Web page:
A “Happy Birthday” spread
Currently I am working on a revised edition of my book about Tarot spreads, Tarot: Get the Whole Story (which, by the way, I will re-title Tarot Spreads: Get the Whole Story). In the process of reviewing it, I came across a simple explanation of a “Happy Birthday” spread. Here is a passage about it from the book:
At the 2002 San Francisco Bay Area Tarot Symposium I presented a workshop on creating spreads, after which, one of the participants asked me if I could suggest a spread she might use to do a birthday reading for her sister. She told me that she had done these birthday readings for several years now, but this year she was inspired by my workshop to create a spread that would be specifically tailored for the occasion and for her sister, so I asked her to tell me a little bit about her sister. The detail that stood out the most was the fact that this woman’s sister was a cook, so I suggested that she create a spread with positions based on the ingredients of a birthday cake. For example, sugar might suggest what is sweet in her life; flour, the main ingredient of the coming year; eggs, new beginnings that she is facing; milk, what nurtures her; and candles, her wishes for the coming year.
That conversation reminded me that sometimes we are called upon to do readings on holidays or special occasions such as birthdays, weddings, anniversaries, Halloween, Thanksgiving, or New Year’s Day. …
From there, my book continues on to present a New Year’s Resolution spread, with which I did a sample reading for Don Juan. Since I only mentioned that birthday spread briefly in the book, I thought I would flesh it out more and post it here on my blog for you all. (Note that I added positions for several other cake ingredients.)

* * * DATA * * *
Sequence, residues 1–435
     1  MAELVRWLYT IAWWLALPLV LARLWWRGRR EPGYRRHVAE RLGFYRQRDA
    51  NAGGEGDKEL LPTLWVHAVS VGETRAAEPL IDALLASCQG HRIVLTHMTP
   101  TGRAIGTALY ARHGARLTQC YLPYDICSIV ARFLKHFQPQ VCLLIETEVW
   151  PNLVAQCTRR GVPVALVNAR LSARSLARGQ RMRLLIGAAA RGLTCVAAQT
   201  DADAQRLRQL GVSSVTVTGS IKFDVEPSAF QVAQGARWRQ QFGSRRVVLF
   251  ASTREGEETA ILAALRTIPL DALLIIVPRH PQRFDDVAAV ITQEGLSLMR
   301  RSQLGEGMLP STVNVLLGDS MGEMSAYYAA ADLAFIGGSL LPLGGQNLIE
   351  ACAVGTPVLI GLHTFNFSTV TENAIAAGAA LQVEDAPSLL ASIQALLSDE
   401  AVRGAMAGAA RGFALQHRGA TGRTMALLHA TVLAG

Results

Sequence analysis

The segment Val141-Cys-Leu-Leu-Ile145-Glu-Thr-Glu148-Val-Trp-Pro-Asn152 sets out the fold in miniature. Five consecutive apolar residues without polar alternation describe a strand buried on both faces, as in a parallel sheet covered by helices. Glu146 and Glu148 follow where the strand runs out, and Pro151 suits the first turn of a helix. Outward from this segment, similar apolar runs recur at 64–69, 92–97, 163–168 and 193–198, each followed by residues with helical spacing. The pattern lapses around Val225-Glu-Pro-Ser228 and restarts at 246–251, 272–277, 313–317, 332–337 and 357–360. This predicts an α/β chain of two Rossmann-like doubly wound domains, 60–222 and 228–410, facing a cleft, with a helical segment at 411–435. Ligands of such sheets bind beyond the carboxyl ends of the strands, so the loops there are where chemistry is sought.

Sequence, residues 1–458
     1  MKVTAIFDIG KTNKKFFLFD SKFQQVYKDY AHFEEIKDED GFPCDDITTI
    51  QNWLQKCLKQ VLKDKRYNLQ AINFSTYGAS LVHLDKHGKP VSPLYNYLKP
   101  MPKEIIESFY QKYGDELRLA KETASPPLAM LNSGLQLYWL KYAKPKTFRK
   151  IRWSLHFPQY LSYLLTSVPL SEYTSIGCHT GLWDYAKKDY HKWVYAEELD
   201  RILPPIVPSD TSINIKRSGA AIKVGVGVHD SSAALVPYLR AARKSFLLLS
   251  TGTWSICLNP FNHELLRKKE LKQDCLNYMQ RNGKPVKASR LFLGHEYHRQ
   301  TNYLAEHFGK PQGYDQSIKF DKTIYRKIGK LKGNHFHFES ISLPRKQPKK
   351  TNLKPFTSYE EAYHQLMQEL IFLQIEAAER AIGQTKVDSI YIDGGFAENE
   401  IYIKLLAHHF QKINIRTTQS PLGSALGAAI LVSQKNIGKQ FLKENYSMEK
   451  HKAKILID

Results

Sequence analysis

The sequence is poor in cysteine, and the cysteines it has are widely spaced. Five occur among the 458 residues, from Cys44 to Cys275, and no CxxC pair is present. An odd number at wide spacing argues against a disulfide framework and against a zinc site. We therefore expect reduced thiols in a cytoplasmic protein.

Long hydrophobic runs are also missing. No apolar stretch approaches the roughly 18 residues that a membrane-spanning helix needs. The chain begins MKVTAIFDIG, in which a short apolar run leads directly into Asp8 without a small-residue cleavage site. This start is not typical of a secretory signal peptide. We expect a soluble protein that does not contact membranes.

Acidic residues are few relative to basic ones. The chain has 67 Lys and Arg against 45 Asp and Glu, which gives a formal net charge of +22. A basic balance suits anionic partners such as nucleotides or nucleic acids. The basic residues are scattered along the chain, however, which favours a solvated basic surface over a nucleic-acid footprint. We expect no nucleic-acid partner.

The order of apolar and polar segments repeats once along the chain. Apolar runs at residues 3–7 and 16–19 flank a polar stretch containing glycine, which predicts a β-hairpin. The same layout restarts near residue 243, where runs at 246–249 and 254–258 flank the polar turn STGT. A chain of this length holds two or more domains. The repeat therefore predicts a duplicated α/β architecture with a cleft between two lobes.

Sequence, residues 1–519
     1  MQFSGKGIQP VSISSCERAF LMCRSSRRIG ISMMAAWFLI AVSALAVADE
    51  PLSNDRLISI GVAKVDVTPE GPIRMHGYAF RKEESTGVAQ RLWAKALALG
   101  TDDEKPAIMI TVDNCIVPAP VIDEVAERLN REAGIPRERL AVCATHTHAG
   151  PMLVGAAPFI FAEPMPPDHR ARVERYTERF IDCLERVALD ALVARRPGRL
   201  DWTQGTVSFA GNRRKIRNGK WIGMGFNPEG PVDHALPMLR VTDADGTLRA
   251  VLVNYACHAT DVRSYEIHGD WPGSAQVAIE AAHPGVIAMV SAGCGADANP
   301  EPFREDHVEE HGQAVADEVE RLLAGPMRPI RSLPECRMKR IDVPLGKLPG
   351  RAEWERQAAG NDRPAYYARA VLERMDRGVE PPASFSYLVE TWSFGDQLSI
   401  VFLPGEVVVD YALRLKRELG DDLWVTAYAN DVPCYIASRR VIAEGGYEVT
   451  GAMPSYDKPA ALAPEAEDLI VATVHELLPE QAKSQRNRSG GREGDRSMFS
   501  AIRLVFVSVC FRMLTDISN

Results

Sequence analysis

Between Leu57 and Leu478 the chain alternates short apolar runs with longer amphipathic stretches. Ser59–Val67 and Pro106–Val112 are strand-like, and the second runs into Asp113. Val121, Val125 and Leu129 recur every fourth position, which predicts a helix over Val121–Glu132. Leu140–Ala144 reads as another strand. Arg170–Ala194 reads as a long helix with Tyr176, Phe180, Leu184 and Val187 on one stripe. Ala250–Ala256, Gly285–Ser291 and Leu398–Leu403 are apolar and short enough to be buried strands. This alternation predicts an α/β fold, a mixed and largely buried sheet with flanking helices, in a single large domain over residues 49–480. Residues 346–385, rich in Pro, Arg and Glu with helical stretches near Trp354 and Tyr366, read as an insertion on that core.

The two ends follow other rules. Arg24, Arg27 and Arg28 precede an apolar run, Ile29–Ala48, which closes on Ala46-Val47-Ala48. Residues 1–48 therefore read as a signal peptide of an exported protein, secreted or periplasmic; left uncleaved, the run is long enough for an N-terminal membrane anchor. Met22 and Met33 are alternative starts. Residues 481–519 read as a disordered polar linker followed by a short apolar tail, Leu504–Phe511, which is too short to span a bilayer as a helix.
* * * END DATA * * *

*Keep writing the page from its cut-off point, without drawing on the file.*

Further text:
Here is the layout:
(By the way, I like the way that this layout kind of looks like a three layered cake.)
Here are the positional definitions:
Card 1: What is the main thing you may anticipate for the coming year? (Flour)
Card 2: What good things (i.e., sweetness) lie ahead in the coming year? (Sugar)
Card 3: What is increasing (rising) in your life this year? (Yeast or Baking Powder)
Card 4: What new beginnings are you facing? (Eggs)
Card 5: What will nurture you this coming year? (Milk)
Card 6: What can add richness to your life this year? (Butter)
Card 7: What additional benefit or enhancement can you bring to this coming year? (Icing on the cake)
Card 8: What is your main wish for the coming year? (Candles)
Card 9: How can you make that wish come true? (Candles)
These positional meanings are, of course, just suggestions. You might want to revise them, perhaps based on alternative considerations about the ingredients. For example, you might prefer to focus on the binding properties of butter, which could lead you to a very different meaning for the sixth position.
Finally, I want to make a comment about predictive readings. I don’t do predictive readings (as I say, “I’m a fortune helper, not a fortune teller”), but I realize that many people do (such as the woman whose request for help with a birthday spread stated all this). However, although this spread seems to be intended for a predictive reading, it may be used to show the querent how to create a great year beginning with their birthday instead of predicting what the coming year will be like. You may reinterpret the positional definitions for that intention, and of course, it all depends on how you read the cards.